The Just Transition Fund was introduced in 2021 as part of the European Union’s Green New Deal and aims to assuage some of the painful social consequences of the green transition. Relying on the Multiple Streams Framework, this article reconstructs the JTF’s institution. It identifies 2018–2019 as a key conjuncture in the European Union when various social, ideational and political preconditions enabling policy innovation converged. Subsequently, the need to publicly finance a just transition emerged in relation to some Eastern European states’ reluctance to work towards the 2050 climate neutrality target. After a Polish-led configuration of actors propelled the JTF onto the agenda, the von der Leyen Commission assumed the task of designing a less transparently self-serving policy instrument necessary to garner wider political support. The final JTF emerged from the interplay between two policy entrepreneurs in the context of the negotiations on the 2021–2027 European Union budget and the dislocations provoked by the COVID-19 crisis.
At the European Council of 12 December 2019, all European Union (EU) member states except Poland endorsed the European Green Deal (EGD), a major socio-economic restructuring plan to confront climate change. Although the EGD envisages nearly 50 initiatives to ensure the so-called green transition (European Commission 2019), three elements underpin the core of its strategy. First, in April 2021, the European Climate Law was approved. This enshrines the commitment to achieve climate neutrality (zero net emissions of greenhouse gases) by 2050 and the intermediate target of reducing net greenhouse gas emissions by 55% by 2030 compared to 1990 levels. To achieve this target, the Commission unveiled in July 2021 its ‘Fit For 55’ package of 13 policies promoting decarbonisation, ranging from the introduction of carbon-related import tariffs to the expansion of the EU Emissions Trading System (EU-ETS) and the promotion of reforestation (European Commission 2021). Second, to prepare the EU’s economy for this process, the EGD’s investment plan aims to mobilise public investment for the period 2021–2030 and help unlock private funds through EU financial instruments, notably Invest EU, by at least €1 trillion (European Commission 2020a). Third, cognisant that efforts to tackle climate change need to be socially legitimate, the EGD aims to assuage some of the painful social consequences of the green transition by creating a Just Transition Fund (JTF), which will channel €17.5 billion to the regions and sectors most affected by decarbonisation, and the Social Climate Fund (SCF), which will, according to the first Commission proposal, provide €72.2 billion to help low-income households switch to more carbon-efficient equipment. Whereas the SCF is a compensating mechanism which aims to provide income support to individuals, the JTF is focused on the employment, regional and industrial-policy consequences of the green transition, seeking to support changes in models of development that remain dependent on fossil fuels.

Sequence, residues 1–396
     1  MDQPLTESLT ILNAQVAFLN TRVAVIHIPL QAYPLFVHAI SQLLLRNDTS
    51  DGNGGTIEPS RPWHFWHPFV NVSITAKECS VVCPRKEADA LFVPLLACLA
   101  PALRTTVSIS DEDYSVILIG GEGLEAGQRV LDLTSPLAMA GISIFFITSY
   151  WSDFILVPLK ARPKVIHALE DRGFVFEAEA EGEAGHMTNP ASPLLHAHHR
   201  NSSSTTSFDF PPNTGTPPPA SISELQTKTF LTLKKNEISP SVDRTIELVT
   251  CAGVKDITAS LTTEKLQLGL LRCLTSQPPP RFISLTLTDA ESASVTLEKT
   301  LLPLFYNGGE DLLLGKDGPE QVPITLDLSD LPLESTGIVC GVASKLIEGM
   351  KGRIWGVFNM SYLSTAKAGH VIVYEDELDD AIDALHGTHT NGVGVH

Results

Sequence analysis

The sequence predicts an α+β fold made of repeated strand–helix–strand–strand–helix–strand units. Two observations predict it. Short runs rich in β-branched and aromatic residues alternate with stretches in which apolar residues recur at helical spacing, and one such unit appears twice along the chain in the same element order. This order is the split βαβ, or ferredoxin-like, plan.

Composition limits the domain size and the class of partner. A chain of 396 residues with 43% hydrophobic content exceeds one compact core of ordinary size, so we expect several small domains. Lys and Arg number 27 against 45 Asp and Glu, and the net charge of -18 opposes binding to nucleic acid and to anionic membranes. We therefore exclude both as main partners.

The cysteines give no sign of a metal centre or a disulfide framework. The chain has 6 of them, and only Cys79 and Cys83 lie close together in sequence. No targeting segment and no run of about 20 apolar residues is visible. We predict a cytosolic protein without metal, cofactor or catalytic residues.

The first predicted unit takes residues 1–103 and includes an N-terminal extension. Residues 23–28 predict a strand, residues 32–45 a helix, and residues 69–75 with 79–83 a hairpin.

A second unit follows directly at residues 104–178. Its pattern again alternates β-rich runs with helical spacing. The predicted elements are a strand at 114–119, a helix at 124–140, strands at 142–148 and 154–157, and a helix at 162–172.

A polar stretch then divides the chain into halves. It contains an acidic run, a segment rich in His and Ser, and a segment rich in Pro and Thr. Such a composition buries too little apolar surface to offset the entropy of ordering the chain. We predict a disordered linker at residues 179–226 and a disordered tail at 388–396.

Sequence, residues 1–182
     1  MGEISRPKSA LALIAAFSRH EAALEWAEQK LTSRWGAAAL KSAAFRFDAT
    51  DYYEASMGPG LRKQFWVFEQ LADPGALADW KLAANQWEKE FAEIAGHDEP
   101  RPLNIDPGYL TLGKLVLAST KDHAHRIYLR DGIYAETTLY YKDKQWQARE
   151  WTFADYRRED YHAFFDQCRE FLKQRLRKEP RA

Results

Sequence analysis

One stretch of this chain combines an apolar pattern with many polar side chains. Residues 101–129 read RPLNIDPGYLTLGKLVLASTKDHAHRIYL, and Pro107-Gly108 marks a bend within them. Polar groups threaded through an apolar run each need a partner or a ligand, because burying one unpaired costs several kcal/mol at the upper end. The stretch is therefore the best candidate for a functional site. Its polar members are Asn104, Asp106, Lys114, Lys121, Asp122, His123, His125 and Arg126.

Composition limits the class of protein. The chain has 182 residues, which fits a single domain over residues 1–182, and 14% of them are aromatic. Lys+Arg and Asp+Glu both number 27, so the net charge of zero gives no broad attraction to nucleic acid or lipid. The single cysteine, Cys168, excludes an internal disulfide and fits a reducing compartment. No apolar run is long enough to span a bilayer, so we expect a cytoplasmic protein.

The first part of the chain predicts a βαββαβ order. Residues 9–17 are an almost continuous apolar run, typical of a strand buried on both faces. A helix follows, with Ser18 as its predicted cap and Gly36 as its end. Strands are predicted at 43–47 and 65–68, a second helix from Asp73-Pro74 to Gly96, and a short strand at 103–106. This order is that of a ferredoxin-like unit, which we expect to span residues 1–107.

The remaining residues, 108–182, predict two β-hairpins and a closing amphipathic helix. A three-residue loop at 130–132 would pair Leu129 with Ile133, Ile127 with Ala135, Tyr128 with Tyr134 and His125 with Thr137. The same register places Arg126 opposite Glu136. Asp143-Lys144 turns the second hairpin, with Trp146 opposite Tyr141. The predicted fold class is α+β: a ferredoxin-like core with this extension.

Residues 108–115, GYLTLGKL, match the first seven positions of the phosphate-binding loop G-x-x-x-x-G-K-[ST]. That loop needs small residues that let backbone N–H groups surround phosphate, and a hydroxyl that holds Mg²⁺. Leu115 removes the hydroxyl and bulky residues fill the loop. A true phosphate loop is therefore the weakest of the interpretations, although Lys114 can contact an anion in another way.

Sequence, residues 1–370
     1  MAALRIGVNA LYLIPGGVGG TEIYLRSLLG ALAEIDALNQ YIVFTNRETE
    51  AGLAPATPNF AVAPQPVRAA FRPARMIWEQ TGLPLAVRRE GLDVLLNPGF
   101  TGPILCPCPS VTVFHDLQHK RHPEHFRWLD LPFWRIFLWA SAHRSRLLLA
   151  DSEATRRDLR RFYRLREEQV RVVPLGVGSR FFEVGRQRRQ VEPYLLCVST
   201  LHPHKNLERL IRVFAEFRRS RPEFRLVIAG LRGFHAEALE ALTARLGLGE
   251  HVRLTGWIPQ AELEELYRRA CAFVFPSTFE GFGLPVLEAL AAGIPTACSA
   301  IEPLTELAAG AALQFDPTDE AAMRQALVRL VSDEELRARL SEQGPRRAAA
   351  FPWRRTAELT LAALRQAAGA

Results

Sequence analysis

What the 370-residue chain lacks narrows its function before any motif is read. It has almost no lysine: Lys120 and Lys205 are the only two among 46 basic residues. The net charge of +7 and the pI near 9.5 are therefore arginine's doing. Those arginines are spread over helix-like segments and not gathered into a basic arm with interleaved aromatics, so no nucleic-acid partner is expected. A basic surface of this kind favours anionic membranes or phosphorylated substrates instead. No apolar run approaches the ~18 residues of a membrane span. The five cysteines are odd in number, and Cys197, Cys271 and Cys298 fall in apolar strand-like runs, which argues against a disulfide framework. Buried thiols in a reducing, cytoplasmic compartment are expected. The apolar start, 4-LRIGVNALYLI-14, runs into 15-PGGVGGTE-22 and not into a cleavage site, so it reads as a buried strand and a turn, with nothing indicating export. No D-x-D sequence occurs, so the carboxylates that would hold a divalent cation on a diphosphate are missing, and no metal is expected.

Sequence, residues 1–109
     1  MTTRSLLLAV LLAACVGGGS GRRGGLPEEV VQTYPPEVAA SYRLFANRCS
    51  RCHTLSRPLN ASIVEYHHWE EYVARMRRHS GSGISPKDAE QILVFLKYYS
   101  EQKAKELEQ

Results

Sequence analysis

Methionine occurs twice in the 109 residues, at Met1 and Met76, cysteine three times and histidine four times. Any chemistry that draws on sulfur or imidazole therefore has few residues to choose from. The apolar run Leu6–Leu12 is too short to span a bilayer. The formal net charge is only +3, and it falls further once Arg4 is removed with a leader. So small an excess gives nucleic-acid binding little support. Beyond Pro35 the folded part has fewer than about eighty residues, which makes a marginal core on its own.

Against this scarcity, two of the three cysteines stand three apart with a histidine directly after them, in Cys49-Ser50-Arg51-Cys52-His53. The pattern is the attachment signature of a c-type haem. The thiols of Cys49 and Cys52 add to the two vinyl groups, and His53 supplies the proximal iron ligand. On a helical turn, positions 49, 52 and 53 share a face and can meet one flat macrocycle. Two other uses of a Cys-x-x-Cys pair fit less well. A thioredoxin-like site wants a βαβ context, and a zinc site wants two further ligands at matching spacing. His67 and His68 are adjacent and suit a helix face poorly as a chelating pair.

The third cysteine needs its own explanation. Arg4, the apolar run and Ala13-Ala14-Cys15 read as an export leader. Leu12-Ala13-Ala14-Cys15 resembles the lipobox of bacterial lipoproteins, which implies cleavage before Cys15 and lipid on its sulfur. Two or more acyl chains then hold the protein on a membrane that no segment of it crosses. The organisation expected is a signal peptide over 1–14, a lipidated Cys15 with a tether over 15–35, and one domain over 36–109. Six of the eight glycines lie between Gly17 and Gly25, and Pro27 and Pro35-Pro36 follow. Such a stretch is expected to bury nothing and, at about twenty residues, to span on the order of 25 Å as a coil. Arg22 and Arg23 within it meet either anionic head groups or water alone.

Adding a social dimension to the energy transition was not a given: history provides examples of ‘environmentally beneficial rapid transitions undertaken in socially regressive ways’, such as the transition from coal to gas in the UK in the 1980s (Newell and Simms 2020, p. 3). The EU, conversely, decided to move the debate beyond the focus on technological change, introducing social policy considerations and questions of redistribution into the transition equation. By building on the notion of a just transition, the EGD recognises that deep decarbonisation will only be viable if it does not (or at least, does not only) constitute an additional burden for workers, households and consumers, but rather an opportunity to generate shared and inclusive prosperity. As noted above, the task of enabling the acceleration of the green transition by rendering it socially fair falls on the JTF and the SCF.
Against this backdrop, in this article we aim to account for the creation of the JTF. Certainly, the JTF and the SCF can be read as part of a wider turn in EU policy-making towards strengthening the social dimension of the integration project (Vesan et al., 2021). Nevertheless, given that new redistributive instruments are rarely adopted in the EU due to their politically charged character, the JTF and the SCF appear as remarkable policy innovations. However, while the public policy literature on the EGD is booming (e.g. Bloomfield and Steward 2020; Dupont et al. 2020; Pérez 2021), to date, few studies have been written on either the JTF and the SCF, in the latter’s case understandably, given that its legislative process is still in its initial phase. The existing studies are primarily evaluative, assessing the policy design of the JTF (Sabato and Fronteddu 2020; Sabato et al. 2021) rather than engaging with questions of power, strategy and distribution, which form the core of our perspective. To explain the political dynamics of the policy-making process leading to the creation of the JTF, we rely on the analytical lens provided by the Multiple Streams Framework (MSF) (Kingdon 2014). We ground our analysis in diverse sources of empirical evidence, comprising EU documents, media reports and ten in-depth interviews with key actors from various backgrounds, including EU institutions, social partners and civil society organisations, who were involved in the policy-making process and/or have closely followed it.Footnote 1